Wes Boyd's
Spearfish Lake Tales
Contemporary Mainstream Books and Serials Online


Hannegan's Cove
Book One of the New Tales of Spearfish Lake
Wes Boyd
©2010, ©2012



Chapter 10

Randy and Nicole probably hung around Myleighís house with their friends longer than they should, but it was hard to tear away, knowing that the rest of the day and probably the next few days were going to be a lot more somber. "Itís just too darn bad this had to happen when Crystal and Preach are here," Nicole said as Randy drove the Chrysler across town to his fatherís house.

"Yeah, but this stuff happens," Randy sighed. "I just wonder how the rest of this day is going to go."

It had been a little over four years since Randy had lived at his parentsí house on Point Drive. It was still familiar to him, and little had changed in the time he had been gone. They walked into the kitchen just like always, to find Ryan and Linda sitting at the kitchen table, drinking coffee. "Would you like a cup?" his mother asked.

"No, Iíve had about all the coffee I need for this morning," Randy said. "Nicole and I went through quite a bit and then we wound up going through more at Myleigh and Treyís. But thanks for the offer."

"I know," his mother agreed. "I feel like I should be doing something useful but thinking it wouldnít be proper to do it."

"Besides, I donít know what we would do, anyway," his father shrugged. "Now that Dad is gone there are things that have to be done, and some of them need to be done pretty soon, but itís just not right to do them until after the funeral. So, about all we can do is put in the time."

"Company stuff?" Nicole asked.

"Yeah, of course," Ryan nodded. "But thereís good reason to not get into some of it now. Look, you two, I donít know how to say this, but donít say much of anything about company stuff between now and that meeting with the lawyer on Wednesday. Whatís going to happen is going to happen, but I wouldnít be surprised if somebody got pissy about it, so thereís no point in touching something off before it happens."

"We havenít said anything to anybody," Randy said. "I mean, except to each other."

"Thatís good," his father told him. "Keep it that way. I might as well tell you that your grandfather and I were keeping you a little in the dark about some of this stuff, but itís to your benefit, and there were reasons for keeping it under the table a little. But I donít want to get into it now, especially with Ruth and Dave due here at any minute and Rachel and Joel coming. I do have to ask, though: is there anything at Clark Construction that absolutely has to get done before Wednesday morning?"

"No, not really," Randy told him. "Really, itís kind of a slow week. Thereís some stuff that has to be done, but it can be put off."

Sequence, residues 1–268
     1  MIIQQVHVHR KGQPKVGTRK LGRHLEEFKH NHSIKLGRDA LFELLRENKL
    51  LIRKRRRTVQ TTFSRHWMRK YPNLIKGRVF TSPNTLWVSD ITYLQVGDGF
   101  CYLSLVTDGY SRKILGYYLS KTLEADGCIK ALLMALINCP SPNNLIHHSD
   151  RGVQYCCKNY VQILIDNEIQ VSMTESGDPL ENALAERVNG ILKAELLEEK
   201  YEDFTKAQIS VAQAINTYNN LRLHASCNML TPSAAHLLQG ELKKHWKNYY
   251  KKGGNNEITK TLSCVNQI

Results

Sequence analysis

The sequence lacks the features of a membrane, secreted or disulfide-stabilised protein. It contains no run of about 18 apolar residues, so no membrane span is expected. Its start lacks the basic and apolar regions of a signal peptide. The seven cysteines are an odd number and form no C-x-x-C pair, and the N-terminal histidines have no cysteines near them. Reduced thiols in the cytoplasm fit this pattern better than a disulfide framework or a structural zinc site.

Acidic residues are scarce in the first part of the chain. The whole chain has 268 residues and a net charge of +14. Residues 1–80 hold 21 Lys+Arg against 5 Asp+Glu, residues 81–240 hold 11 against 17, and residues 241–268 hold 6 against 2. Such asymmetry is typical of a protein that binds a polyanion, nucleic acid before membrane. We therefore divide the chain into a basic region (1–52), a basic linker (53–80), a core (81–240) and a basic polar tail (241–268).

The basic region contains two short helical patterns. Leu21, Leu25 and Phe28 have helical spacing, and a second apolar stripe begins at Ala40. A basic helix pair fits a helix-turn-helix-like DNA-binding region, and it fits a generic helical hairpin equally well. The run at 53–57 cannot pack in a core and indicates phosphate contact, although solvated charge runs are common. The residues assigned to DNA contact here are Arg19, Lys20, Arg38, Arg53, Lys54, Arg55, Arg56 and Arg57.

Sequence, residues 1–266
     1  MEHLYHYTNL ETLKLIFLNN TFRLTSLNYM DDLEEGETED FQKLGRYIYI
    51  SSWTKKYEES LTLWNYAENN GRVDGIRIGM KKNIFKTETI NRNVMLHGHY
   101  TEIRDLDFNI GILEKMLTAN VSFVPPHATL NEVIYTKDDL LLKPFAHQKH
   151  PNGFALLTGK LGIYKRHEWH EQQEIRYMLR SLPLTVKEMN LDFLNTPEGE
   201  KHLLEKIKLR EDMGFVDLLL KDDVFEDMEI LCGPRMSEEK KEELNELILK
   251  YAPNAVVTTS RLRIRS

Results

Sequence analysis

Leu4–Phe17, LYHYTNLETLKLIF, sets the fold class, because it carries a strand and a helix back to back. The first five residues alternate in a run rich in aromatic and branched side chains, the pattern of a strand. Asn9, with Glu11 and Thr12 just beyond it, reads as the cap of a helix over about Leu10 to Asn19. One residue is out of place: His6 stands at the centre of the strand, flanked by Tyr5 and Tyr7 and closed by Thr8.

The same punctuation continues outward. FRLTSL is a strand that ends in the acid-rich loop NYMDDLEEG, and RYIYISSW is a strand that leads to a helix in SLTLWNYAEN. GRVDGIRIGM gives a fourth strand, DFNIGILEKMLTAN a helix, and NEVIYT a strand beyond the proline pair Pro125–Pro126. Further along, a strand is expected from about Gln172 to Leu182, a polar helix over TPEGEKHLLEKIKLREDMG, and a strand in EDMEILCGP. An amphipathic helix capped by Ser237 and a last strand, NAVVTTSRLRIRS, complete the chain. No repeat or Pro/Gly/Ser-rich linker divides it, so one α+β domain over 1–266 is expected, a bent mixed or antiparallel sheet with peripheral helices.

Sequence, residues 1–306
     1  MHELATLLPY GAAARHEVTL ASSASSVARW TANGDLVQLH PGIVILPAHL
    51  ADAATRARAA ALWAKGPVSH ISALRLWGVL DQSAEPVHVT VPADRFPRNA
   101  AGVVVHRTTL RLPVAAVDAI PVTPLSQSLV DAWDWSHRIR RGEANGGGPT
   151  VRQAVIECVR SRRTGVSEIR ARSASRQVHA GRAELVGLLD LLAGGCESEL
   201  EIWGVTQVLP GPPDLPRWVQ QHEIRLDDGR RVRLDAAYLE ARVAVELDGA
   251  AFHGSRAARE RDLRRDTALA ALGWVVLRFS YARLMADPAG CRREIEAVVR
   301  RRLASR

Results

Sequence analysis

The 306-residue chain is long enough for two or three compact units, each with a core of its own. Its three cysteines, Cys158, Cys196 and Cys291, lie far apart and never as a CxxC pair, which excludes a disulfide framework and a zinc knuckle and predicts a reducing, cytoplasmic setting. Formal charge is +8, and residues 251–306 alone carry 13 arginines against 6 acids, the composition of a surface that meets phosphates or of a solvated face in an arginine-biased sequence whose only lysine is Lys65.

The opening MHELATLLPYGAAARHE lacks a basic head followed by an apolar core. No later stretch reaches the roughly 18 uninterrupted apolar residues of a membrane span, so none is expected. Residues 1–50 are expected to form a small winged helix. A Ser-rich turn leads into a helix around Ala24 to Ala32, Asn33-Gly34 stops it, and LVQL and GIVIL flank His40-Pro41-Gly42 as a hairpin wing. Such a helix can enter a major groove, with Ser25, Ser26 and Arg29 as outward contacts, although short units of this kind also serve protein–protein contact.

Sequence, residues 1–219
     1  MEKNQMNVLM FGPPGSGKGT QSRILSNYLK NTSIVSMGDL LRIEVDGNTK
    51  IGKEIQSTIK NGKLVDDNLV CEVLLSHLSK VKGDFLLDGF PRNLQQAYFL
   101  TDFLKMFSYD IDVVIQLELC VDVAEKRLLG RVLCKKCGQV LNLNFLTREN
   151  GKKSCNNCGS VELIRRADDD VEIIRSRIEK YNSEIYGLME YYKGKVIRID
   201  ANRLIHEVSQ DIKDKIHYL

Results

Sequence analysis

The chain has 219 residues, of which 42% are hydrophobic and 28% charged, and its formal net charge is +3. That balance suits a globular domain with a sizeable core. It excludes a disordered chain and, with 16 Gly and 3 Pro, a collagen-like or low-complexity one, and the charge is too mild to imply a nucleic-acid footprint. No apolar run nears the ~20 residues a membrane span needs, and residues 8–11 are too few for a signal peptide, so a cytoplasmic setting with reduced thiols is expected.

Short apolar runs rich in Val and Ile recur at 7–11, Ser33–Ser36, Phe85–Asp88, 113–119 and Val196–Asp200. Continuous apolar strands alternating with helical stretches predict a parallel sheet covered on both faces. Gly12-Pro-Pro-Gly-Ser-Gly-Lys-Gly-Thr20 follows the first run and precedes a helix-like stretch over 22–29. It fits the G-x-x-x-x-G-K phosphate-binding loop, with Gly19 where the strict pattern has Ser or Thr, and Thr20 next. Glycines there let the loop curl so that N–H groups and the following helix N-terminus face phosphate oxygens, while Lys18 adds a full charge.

"Put it off until after we get done with the lawyer," Ryan said. "If itís something legal like a bid or a contract, Iíd have to be involved until then since Iím Dadís successor trustee. But we ought to be able to sign the paperwork then and be able to avoid that complication."

"I was thinking about calling in the crew and telling them that weíre going to carry on," Randy told him. "They need to have that reassurance."

"Probably a good idea," Ryan nodded. "Set it for along toward the end of Wednesday afternoon, and we ought to have the worst of the paperwork done by then."

"Iíll tell Regina three oíclock Wednesday," Randy said. "Will that be all right?"

"Fine with me, itís your company, or at least it will be then," Ryan replied. "Randy, Iím sorry we didnít have a few more years to pull this all together but weíre about as ready as we can be, I think. Now, letís shut up about this so it isnít on our minds when Ruth and Dave get here."

"Fine with me," Randy said, but with a relief in his mind that he tried to conceal. Even with the brief word heíd had with his father last night, he still hadnít been sure that Clark Construction would be coming to him. There had never been anything on paper about it, just a handshake agreement. Randy knew as well as anyone else that those kinds of agreements sometimes fall apart when theyíre supposed to be honored. While he hadnít been expecting a knife in the back, circumstances changed, and, as his father had said, heíd been a bit in the dark about the whole thing beyond the knowledge that he would be taking over Clark Construction. And really, heíd pretty much already done so except for the ultimate responsibility that had rested with his grandfather. There was no doubt that things were going to change, and he suspected from the tone of what his father had been saying that they might change more than he had been expecting.

"So, Rachel is coming after all?" Nicole asked into the awkwardness that was filled with the inaudible sound of the grinding of the gears in Randyís head.

"Yeah, and surprisingly enough, Joel and Jared," Linda replied. "They wonít be getting in until tonight. Randy, that means that at least one of your sisters is going to have to stay with you. We donít have enough room for both families with the kids, since Ruth and Dave are bringing Mike and Abby."

"Sure, weíll be glad to put Ruth and Dave and the kids up," Randy replied. Since it was clear that it was Rachel and Joel that his father was being sensitive about, that seemed like a good idea. Besides, he got along much better with Ruth and actively liked Dave, who was the kind of guy hwo didnít mind getting his hands dirty if he had to.